Many divorced parents in Georgia are no doubt concerned about the emotional well-being of their children. This is especially true if they are sharing child custody with the other parent. The good news is that a recent study showed that despite the constant shuffling from one household to another, children of divorce are more emotionally stable when they are able to spend time with both parents.
Besides death and taxes, there is another certainty in life: change. It is rare to see a situation stay the same forever. Marriages don't even last forever, so when one ends and there are children involved, it's common for a situation to change after divorce, necessitating a modification. Fortunately, if a Georgia parent moves out of state or loses his or her job, there is a way to modify child custody and support in order to maintain the best interests of the child.
Fathers' rights is becoming a popular issue in the United States as men fight for the same parental benefits as women. More and more dads stay home to care for their children while moms work. As a whole, fathers are becoming more involved in the lives of their children. So, when Atlanta parents divorce or split up, it is sometimes the men who are awarded child custody. Fathers' rights may affect some men negatively, however, as they are sometimes wrongfully accused of being a child's biological parent. Read on to learn more about these types of paternity issues and how a lawyer can help resolve them.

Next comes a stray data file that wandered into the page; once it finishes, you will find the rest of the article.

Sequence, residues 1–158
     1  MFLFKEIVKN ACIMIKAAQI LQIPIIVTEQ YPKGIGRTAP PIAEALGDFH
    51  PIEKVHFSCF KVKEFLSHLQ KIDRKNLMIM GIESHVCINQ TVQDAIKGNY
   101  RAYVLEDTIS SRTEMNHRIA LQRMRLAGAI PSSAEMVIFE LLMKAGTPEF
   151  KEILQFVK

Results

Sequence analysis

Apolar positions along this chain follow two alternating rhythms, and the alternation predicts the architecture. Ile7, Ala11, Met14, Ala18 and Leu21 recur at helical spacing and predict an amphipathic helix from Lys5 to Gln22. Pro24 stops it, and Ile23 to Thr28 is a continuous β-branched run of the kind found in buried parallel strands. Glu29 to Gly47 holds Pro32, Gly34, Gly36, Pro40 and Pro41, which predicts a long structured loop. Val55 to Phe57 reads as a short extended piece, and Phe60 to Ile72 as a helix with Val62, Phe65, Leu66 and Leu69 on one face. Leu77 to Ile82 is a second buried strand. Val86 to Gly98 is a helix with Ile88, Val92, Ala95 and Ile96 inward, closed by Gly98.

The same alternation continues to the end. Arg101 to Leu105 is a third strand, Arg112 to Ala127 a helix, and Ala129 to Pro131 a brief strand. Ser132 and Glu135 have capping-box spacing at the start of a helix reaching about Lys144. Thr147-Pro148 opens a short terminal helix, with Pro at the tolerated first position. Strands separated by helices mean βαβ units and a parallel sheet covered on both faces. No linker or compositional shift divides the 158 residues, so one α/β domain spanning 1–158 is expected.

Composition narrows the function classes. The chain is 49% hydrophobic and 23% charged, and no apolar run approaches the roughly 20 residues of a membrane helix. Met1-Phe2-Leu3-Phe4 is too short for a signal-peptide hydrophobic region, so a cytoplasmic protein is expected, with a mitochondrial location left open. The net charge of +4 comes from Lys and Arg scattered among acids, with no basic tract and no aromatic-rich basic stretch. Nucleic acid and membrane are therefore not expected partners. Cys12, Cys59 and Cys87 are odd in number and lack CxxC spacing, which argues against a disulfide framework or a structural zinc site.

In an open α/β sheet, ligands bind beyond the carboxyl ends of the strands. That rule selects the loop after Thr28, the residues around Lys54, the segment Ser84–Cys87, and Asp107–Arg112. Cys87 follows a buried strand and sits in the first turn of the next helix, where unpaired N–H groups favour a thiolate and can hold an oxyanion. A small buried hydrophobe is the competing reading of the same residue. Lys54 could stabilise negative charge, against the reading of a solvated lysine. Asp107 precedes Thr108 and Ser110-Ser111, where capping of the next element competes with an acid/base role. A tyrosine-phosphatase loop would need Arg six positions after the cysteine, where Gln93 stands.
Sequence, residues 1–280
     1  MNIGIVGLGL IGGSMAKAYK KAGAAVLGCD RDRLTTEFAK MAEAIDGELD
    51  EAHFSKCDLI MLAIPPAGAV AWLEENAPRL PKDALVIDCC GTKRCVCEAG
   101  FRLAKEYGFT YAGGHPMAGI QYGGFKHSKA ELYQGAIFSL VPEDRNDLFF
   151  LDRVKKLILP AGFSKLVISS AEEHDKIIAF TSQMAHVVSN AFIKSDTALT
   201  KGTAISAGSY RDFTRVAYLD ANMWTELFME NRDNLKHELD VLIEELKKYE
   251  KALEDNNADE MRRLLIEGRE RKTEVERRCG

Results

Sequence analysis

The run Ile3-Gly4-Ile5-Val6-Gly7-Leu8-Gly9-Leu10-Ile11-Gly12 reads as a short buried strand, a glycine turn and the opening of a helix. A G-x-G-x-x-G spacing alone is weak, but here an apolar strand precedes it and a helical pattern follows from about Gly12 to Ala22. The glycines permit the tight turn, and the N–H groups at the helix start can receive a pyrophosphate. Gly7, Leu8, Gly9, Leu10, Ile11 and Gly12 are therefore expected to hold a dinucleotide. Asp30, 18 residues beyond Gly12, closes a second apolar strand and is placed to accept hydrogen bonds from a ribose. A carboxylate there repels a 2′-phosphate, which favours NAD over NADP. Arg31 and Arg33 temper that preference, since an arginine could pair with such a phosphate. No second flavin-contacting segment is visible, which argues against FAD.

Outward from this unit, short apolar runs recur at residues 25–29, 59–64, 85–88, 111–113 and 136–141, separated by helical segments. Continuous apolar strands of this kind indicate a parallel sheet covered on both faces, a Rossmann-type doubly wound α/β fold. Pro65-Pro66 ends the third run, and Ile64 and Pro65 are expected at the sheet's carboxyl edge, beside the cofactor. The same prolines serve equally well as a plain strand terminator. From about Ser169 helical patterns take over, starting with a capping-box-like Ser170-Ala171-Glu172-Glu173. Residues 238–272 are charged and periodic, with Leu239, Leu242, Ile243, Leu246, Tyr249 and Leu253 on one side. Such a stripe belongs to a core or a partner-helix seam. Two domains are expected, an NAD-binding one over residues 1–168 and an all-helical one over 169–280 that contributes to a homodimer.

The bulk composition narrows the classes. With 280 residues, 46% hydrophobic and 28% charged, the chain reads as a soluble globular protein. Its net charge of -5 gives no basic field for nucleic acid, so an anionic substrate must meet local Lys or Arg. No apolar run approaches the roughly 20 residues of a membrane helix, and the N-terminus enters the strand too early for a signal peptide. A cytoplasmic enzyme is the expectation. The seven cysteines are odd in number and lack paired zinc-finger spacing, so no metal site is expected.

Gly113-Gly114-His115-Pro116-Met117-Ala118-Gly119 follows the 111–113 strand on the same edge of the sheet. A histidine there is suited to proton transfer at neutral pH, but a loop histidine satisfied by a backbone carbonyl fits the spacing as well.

Unfortunately, marriages and romantic relationships don't always last forever and in many cases, children are involved. When Gainesville parents split, there are often many issues to contend with regarding child custody. Who gets custody of the children? What type of custody arrangement will be in place? How often does the non-custodial parent get to spend quality time with the kids? These are questions that a Georgia family law attorney can help you answer.
The prospect of adoption is exciting for many Atlanta residents, but the reality is that it can be a long and complicated process. The best interests of the child must be kept in mind at all times, so the adoptive parents are obligated to prove that they are worthy parents. So what exactly is involved in the process? Do the adoptive parents have to hire an attorney? Does the adoption have to be finalized by the court?
In a Georgia divorce, a couple may fight over children. Both may want custody of the kids, so how does a judge decide which parent gets physical custody? When the parents can't come to an agreement, the court will make a decision based on the best interests of the child. But what exactly determine a child's best interests in child custody cases?